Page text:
Tulsa Today and I led the opposition to the “Tulsa Project” and “Tulsa Time” development packages –both were bad proposals and were properly defeated. The Vision 2025 propositions, on the other hand, were a fabulous boost for higher education, health care, attractions, and other community infrastructure. After that voter approval, I was hired as public information manager for the program management company that is implementing the program. I work hard for that paycheck and the Web site, newsletters, and general public information outreach are my responsibility to organize. I am not the public spokesman, but I believe Vision 2025 is the most transparent public building program ever implemented in Oklahoma.
Taxes are the price we pay for civilization. Local government properly builds infrastructure, and the quality of that infrastructure determines, in large part, the quality of life within any community. Conservatives oppose growing operating budgets of government, but support specific bricks-and-mortar packages in transparent execution. Unfortunately, Tulsa’s current critics often devolve to personal attacks, unproven conspiracies and outright mistruths in the attempt to bolster their case.
For that small group of readers who hate, but ask for more commentary on morning shock jock Michael DelGiorno; understand that at some point it becomes foolish to write about fools. Having destroyed his own credibility on issues of substance, DelGiorno’s latest falls below foolish. After being confronted with evidence of hypocrisy, DelGiorno cried an apology on-air saying he “most regretted embarrassing God.” Say what? God’s credibility is not dependent on human performance. To read past stories on DelGiorno click on the links (Defending Tulsa, DelGiorno Delusions Part I and Part II, and Political Posits) or use the Tulsa Today search feature.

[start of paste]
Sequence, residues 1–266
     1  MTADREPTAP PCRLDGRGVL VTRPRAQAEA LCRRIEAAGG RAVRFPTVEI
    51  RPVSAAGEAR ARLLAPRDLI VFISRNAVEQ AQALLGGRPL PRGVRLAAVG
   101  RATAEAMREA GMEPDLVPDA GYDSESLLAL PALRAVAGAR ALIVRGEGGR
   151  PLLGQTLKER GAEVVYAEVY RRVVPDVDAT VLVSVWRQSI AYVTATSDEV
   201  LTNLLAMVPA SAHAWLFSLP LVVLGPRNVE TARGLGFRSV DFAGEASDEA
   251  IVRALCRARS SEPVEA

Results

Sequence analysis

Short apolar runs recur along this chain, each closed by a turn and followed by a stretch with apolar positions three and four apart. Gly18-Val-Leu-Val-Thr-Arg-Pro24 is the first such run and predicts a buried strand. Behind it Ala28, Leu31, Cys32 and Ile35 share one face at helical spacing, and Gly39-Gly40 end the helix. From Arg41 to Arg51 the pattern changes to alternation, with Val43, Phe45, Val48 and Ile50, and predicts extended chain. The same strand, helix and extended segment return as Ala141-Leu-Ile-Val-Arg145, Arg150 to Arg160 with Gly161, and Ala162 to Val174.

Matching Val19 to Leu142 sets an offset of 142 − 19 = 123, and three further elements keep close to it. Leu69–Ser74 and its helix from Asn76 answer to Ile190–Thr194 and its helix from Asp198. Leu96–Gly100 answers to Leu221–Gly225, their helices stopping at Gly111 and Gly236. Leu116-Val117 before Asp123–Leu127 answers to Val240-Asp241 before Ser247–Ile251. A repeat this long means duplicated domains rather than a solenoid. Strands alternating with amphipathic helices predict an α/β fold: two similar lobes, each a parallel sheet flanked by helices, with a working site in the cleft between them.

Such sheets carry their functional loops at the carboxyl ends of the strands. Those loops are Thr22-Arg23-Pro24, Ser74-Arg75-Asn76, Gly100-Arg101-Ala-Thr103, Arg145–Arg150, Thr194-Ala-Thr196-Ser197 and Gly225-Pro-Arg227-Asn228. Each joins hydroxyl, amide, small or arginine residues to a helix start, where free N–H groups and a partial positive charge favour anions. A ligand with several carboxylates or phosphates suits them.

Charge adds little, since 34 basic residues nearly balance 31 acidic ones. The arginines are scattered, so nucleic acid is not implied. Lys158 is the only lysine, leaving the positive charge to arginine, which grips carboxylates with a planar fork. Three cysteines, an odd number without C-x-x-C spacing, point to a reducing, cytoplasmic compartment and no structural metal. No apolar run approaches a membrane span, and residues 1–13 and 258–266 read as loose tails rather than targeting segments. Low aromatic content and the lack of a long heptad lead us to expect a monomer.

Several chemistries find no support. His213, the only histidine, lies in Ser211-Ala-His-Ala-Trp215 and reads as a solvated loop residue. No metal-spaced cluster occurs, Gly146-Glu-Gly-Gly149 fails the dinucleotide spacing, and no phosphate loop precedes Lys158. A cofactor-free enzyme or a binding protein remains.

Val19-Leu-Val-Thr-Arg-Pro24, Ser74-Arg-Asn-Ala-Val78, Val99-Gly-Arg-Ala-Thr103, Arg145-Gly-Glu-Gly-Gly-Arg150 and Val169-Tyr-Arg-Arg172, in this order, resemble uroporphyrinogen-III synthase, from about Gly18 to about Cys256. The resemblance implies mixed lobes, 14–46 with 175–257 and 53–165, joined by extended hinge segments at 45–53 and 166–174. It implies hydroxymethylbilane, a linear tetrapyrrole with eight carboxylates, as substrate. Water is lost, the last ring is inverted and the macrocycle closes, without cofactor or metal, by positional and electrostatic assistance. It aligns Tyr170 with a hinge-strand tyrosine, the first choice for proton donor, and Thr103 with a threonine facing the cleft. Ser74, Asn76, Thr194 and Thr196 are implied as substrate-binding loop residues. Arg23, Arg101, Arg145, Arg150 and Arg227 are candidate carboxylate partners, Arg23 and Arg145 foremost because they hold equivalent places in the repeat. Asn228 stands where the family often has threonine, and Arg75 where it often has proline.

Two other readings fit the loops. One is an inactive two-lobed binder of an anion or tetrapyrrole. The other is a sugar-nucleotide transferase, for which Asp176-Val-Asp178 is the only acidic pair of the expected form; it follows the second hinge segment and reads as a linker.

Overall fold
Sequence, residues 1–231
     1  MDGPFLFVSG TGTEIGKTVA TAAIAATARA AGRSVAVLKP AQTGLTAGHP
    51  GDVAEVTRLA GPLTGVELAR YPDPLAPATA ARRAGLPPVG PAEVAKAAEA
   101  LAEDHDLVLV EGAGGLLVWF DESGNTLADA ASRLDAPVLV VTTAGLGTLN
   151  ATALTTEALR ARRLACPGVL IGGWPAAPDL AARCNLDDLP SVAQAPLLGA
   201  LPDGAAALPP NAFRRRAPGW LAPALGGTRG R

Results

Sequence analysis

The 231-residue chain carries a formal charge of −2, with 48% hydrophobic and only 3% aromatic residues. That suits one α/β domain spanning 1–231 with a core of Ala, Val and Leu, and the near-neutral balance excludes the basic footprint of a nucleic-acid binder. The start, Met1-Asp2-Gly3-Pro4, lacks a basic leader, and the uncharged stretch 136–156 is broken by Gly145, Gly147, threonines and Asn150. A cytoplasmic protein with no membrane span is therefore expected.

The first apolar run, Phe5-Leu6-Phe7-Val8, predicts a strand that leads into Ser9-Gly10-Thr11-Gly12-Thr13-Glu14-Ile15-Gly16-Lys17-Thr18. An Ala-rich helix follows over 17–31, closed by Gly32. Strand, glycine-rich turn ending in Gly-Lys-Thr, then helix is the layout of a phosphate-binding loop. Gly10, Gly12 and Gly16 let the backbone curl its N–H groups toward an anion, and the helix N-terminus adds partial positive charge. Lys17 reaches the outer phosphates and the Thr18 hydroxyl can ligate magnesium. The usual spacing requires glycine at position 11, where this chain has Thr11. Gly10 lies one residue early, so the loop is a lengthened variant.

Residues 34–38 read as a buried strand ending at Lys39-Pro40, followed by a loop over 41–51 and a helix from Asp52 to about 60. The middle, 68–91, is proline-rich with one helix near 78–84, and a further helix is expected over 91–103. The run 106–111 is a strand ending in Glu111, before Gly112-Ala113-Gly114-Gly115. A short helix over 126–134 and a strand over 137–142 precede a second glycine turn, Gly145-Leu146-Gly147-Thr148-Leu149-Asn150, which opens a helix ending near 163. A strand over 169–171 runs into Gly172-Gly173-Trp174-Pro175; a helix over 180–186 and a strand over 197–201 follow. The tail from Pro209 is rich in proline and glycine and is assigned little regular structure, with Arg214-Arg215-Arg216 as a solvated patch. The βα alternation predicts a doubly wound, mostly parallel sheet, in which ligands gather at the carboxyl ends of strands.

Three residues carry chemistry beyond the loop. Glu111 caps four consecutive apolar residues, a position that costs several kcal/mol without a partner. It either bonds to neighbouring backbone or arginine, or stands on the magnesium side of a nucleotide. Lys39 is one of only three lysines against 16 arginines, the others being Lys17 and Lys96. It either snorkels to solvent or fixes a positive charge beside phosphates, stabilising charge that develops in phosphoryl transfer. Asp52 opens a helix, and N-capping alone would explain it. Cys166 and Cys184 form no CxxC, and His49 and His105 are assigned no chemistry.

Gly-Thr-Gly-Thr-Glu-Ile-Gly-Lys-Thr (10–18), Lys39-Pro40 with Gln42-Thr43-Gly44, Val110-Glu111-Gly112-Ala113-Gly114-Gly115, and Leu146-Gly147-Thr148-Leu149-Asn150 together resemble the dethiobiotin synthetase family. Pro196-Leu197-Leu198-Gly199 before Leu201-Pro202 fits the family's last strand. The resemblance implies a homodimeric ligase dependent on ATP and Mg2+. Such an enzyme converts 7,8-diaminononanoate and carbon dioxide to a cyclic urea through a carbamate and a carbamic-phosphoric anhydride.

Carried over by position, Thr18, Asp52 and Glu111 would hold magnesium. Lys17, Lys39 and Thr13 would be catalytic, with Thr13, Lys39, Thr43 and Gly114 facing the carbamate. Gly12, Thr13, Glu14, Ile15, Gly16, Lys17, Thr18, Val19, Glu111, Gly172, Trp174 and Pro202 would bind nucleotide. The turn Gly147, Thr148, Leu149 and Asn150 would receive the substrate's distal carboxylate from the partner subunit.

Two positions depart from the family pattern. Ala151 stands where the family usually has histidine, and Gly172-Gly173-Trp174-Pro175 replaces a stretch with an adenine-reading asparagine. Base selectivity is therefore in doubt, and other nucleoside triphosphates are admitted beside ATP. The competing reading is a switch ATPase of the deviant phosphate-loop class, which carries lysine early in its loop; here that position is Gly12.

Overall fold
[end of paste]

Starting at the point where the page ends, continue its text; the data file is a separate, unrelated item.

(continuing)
Tulsa Today Crime Editor John O’Mara first broke the story of former Creek County District Judge Donald Thompson on Saturday, November 15, 2003 – which was the first news story anywhere on what would later become grist for national news. Though we did not report during the trial, after the conviction, Tulsa Today ran a follow-up piece – but it was not a story on the judge’s “stiff sentence,” as Tulsa Today prefers to avoid “pumping-up” the humiliation any more than necessary.
While investigating claims of managerial excellence by then-mayoral candidate Kathy Taylor, Tulsa Today discovered the Rural Development Foundation, which continues to grow in stature as an example of why the State of Oklahoma is so poor. In fact, Oklahoma is a resource-rich state made poor by state government corruption – the inevitable result of one political party (Democrat) controlling the Legislature for 100 years or so. In our second story, Tulsa Today noted that only after the Oklahoma City newspaper covered an FBI raid on involved offices did the daily Tulsa paper cover a story Tulsa Today broke. We continue to challenge the daily paper not because we hate them, but because we want them to be a better newspaper.
ImageThat is another funny thing about media. Most do not admit or quote other news organizations breaking news. Historically, when the Tulsa Tribune (Tulsa’s now-defunct afternoon daily) would break a story, the morning paper would wait until the Associated Press (AP) released the afternoon’s piece, and then quote the AP rather than their local competitor. Tulsa Today bucks that trend, because we believe it is media’s responsibility to review their industry. We are also exploring ways to network with other media in cooperative coverage, promotions and community charity.
Commercial publishing in any format is difficult business, and all media compete for limited local advertising dollars. Tulsa Today is the region’s best advertising value, but we have not aggressively carried that message to decision-makers throughout the community. That is also changing, as we have hired several new business representatives to make the pitch.
Tulsa Today reaches intelligent, locally active political, business, and cultural leaders. We have kept our news free to the reader for over 10 years without pop-ups or tacky Google ads and have built this online community for you. That’s right. You there, sitting in front of your office or home computer in Tulsa or worldwide – this site is yours. Together, we care about Tulsa and are making a difference for positive change in our community. We thank you for your support – all 100,000 page views per month of you.
Last Updated ( Wednesday, 06 September 2006 )